- Fernando Duarte
- BBC International
A record number of voters will go to Brazil’s general election on Oct. 2, in what some observers see as a “critical test” of the country’s political system.
More than 150 million people will vote for governors and local lawmakers, as well as congressmen and senators, but the focus will undoubtedly be on the presidential race between incumbent Jabolsonaro and former President Lula.
Against a backdrop of polarized opinion, the outcome of the presidential race – if none of the 11 candidates get more than 50% of the vote, the two with the most votes go to the second round of the runoff, after which the winner will emerge – will be in Latin Reverberations beyond the borders of the largest and most populous nation in the Americas.
The world is already watching the Brazilian election. Perhaps the most vocal is the United States – which called on Bolsonaro’s government to “respect the democratic process” after the current Brazilian president publicly questioned the country’s electronic voting system.
Most recently (September 22), the United Nations issued a statement urging Brazilian authorities, candidates and political parties to “ensure that the upcoming general elections are peaceful and prevent election-related violence”.
According to Brazil’s Supreme Electoral Court (TSE), a record number of international organizations are expected to travel to Brazil to conduct polls to observe the election.
But the buzz wasn’t the only reason people around the world watched the Oct. 2 vote.
The future of the world‘s largest rainforest could be at stake in this election, judging by the environmental records of the two leading candidates.
During Lula’s two terms as president of Brazil (2003-2010), he played a role in protecting the Amazon in efforts to mitigate climate change by curbing illegal logging, mining and cattle raising in the region, overseeing the reduction in the rate of deforestation in the Amazon huge effect.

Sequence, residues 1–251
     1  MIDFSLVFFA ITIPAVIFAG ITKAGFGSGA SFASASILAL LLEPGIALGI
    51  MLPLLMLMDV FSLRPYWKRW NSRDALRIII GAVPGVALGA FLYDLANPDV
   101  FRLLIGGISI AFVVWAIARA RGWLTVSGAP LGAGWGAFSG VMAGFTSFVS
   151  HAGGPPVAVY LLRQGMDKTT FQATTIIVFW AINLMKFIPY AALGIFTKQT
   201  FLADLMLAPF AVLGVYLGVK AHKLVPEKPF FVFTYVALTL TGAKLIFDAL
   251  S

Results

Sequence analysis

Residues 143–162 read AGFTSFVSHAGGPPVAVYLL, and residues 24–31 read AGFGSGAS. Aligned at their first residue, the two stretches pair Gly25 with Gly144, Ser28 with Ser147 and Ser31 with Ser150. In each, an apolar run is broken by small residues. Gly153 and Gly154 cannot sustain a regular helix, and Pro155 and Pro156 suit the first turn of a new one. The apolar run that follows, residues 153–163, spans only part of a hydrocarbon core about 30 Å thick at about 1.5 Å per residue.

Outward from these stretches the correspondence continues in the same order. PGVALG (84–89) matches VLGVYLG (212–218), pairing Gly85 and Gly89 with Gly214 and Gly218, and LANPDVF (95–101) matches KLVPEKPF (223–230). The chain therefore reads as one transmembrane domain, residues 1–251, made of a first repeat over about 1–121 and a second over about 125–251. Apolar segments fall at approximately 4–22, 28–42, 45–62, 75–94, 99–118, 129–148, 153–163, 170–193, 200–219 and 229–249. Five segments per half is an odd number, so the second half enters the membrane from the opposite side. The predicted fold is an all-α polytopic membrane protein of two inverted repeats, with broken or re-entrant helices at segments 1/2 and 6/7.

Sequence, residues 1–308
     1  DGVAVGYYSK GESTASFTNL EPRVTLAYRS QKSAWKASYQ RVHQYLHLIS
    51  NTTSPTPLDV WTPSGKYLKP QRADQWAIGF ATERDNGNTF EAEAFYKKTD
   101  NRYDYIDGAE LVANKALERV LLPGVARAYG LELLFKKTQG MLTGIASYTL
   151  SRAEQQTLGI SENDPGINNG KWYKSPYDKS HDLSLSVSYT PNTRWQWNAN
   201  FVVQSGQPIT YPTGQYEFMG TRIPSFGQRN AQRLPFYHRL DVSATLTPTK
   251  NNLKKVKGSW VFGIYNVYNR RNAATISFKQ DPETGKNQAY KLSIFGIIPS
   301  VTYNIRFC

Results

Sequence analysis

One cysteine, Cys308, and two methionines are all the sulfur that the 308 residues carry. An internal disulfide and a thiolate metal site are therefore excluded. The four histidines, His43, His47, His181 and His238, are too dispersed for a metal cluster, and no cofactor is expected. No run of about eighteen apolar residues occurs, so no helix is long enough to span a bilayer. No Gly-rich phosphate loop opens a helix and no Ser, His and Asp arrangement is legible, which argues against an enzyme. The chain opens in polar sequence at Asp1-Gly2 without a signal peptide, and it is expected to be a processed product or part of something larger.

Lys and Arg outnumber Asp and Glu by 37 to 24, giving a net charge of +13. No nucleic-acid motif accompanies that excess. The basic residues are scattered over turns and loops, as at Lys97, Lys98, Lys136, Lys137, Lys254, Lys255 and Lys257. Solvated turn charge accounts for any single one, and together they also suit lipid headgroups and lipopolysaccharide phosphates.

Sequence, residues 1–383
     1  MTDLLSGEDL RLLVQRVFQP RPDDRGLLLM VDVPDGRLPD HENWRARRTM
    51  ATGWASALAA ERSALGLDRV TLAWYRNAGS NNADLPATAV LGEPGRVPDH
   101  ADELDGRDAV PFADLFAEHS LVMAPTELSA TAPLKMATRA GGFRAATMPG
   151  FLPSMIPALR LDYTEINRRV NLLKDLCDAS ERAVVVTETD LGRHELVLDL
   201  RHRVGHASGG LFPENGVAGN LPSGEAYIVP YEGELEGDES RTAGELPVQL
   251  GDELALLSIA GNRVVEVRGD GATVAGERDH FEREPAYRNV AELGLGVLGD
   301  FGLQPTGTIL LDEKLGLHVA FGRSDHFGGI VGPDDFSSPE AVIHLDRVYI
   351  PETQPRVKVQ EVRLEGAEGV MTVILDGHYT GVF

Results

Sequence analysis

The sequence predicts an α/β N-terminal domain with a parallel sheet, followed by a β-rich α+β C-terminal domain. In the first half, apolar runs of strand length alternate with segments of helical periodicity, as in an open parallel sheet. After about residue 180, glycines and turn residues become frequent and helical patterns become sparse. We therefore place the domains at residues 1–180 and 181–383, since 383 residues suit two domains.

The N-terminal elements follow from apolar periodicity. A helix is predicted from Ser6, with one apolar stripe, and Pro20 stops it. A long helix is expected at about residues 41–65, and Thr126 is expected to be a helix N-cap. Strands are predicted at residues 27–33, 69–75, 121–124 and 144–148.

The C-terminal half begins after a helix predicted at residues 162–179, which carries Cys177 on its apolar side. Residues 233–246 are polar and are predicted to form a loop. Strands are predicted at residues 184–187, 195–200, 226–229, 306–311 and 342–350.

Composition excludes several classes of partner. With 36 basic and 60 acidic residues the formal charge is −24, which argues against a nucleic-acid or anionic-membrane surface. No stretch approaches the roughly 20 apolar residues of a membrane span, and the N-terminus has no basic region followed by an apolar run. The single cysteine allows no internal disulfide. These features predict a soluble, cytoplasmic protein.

While destruction rates in the Amazon rainforest had risen before Bolsonaro’s 2018 election victory, the rate of destruction has accelerated considerably since he was sworn in in January 2019: Brazil’s Amazon Environmental Institute earlier this year A report released at the time said deforestation had increased by nearly 57 percent under the supervision of Bolsonaro’s government.
The far-right president has publicly supported commercial exploration in the Amazon and is particularly opposed to the protection of indigenous lands. He is the first Brazilian leader since 1988 not to sign off on the demarcation of indigenous lands.
Foreign governments and environmental groups have expressed concern about the situation. Greenpeace spokesman Teys Banwart told the BBC the election “needs to send a message that abandoning our environmental heritage will not be tolerated”.
Scientists have warned that the Amazon is approaching a so-called tipping point, where forests lose their ability to regenerate themselves after events such as droughts, fires and deforestation, Banwart said.
“For nearly four years, the words, actions and measures of Bolsonaro’s government have demonstrated his disdain for environmental agencies, indigenous peoples, environmental activists and democracy,” he said.
Bolsonaro has taken a more moderate stance internationally: At the United Nations General Assembly in September, the president claimed his environmental record was not being fairly reported by the media.